Putin's visit comes after Prime Minister Manmohan Singh's visit to Russia in December 2005. At the time, India and Russia had signed the following agreements in Moscow: Reciprocal Protection of Intellectual Property Rights in Military Technical Cooperation; Space Exploration Cooperation Agreement; Agreement on Cooperation in the Field of Solar Physics and Solar Terrestrial Relationships; and Agreement on Implementation of Programme for Military and Technical Cooperation until 2010. 

India and China have just concluded their ninth round of talks on seeking to resolve the outstanding boundary disputes in a "open, friendly and constructive atmosphere," and have agreed to continue discussions in Beijing later this year. According to a statement issued by the Ministry of External Affairs in India, "The talks were held in an open, friendly, cooperative and constructive atmosphere." Indian National Security Adviser M.K. Narayanan and Chinese Vice Foreign Minister Dai Bingguo were the two special representatives from each country. India has maintained that China is illegally occupying 43,180 sq km of Jammu and Kashmir, including 5,180 sq km illegally ceded by Islamabad to Beijing under the Sino-Pakistan boundary agreement in 1963. On the other hand, Beijing accuses New Delhi of possessing some 90,000 sq km of what it claims to be Chinese territory, mostly in Arunachal Pradesh.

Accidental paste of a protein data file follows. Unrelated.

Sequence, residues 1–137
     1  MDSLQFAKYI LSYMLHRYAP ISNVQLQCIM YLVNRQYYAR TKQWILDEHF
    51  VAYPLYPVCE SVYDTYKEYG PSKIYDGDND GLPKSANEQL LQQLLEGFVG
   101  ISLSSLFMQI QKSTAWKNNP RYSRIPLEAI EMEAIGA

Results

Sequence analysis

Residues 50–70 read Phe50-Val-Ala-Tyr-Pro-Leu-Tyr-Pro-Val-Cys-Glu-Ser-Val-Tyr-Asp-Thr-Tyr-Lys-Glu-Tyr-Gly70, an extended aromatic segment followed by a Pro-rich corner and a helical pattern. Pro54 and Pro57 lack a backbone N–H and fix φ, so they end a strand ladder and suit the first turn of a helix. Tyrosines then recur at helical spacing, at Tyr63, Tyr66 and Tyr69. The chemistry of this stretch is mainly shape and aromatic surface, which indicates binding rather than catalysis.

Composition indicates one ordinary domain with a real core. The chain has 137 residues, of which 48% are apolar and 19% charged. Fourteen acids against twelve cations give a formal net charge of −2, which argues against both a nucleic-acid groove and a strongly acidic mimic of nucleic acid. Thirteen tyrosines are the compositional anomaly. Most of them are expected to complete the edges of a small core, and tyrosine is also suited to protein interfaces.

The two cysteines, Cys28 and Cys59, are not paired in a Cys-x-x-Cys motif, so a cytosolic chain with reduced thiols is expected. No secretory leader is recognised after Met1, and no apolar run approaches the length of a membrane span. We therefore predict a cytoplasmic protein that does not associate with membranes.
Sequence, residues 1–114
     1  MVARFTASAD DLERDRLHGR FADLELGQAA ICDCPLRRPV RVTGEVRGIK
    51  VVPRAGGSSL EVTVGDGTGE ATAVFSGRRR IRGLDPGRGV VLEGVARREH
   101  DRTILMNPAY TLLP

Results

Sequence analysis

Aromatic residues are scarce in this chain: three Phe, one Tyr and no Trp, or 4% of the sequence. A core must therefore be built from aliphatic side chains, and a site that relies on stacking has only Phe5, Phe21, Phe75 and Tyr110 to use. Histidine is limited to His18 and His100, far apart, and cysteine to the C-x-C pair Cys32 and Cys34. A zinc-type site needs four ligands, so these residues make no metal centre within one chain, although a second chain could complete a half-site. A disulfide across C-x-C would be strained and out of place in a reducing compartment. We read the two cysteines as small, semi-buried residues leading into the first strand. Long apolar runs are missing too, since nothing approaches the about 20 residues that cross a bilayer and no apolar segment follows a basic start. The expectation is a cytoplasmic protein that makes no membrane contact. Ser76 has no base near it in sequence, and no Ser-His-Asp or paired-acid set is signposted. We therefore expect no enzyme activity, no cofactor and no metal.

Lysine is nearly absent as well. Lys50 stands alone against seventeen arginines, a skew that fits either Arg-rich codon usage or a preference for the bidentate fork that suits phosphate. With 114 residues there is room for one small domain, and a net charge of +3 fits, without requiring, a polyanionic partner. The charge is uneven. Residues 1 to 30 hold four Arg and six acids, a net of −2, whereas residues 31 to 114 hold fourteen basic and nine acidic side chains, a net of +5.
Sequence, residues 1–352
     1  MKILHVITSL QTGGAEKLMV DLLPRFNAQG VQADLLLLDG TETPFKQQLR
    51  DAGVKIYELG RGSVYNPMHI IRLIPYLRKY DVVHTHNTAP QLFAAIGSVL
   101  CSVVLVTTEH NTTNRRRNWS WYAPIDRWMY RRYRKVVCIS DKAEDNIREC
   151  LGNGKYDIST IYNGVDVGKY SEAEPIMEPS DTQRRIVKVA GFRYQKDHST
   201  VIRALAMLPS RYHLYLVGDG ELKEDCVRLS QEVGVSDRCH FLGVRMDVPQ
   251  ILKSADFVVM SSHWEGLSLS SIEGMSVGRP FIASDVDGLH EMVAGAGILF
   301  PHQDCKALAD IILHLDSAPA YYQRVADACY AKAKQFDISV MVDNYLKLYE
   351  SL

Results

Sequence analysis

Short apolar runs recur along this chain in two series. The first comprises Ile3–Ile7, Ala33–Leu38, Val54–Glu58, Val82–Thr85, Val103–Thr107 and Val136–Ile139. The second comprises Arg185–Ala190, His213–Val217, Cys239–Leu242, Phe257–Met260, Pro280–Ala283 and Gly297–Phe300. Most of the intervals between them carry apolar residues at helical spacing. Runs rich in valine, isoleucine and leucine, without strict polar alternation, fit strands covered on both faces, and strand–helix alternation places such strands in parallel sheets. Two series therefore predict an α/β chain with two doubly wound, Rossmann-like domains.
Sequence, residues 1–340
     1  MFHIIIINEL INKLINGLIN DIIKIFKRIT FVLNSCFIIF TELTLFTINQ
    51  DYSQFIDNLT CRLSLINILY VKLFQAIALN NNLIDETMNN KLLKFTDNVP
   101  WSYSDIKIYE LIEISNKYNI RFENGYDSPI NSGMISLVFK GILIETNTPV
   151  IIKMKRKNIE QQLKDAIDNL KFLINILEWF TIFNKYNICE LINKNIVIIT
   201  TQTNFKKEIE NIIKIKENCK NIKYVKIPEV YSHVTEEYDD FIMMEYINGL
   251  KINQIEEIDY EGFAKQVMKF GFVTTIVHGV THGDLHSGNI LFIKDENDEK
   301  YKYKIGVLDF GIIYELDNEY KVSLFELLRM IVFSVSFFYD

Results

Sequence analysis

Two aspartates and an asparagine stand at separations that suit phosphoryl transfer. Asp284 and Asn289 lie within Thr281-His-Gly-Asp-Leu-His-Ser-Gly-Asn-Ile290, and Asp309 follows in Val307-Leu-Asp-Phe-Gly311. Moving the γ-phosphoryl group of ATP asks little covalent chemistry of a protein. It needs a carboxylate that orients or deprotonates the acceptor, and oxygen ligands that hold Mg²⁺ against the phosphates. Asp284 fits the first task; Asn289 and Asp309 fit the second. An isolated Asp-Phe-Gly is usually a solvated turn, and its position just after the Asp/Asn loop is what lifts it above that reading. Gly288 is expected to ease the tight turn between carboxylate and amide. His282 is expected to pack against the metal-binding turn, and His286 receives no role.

The joint statement was silent on whether any progress was made on pushing the resolution of the boundary question that has shadowed ties between the two Asian powers over more than four decades. The talks also did not make much headway over China's claim to the monastery town of Tawang in Arunachal Pradesh. Instead, Beijing claims the entire Arunachal Pradesh as its territory - a claim reiterated by the Chinese ambassador to India, Sun Yuxi ahead of President Hu Jintao's visit to India in November last year. This assertion was met with severe criticism from the Indian side as Arunachal Pradesh has always been an integral part of India. Narayanan and Dai held talks on a framework for the boundary settlement on the basis of an agreement on political parameters and guiding principles, that includes not to disturb settled populations, as any part of a package settlement of the boundary dispute, during the visit of Chinese Premier Wen Jiabao to India in 2005.Dai also called on Prime Minister Manmohan Singh and External Affairs Minister Pranab Mukherjee Wednesday and held talks with them on a wide range of bilateral and global issues, including boosting trade and investment and greater cooperation in strategic issues. The two countries declared a resolution of the boundary question as the strategic objective of their growing relationship during the visit of Hu to India. Despite India's and China's burgeoning relationship in the economic arena, the boundary problems might be the major stumbling block in building strong relations between both countries. As long as China believes that the state of Arunachal Pradesh is part of its own territory, it might find it extremely difficult to forge any kind of productive partnership with India. Alternatively, it is so peripheral to China's geopolitical interests that it may seek to use this issue at some point as a bargaining chip over some more weighty matter. Or, China may just prefer to leave the issue unresolved in case it ever wishes to raise the temperature in some future dispute with India. Right now however, peace and light seem to predominate in this relationship.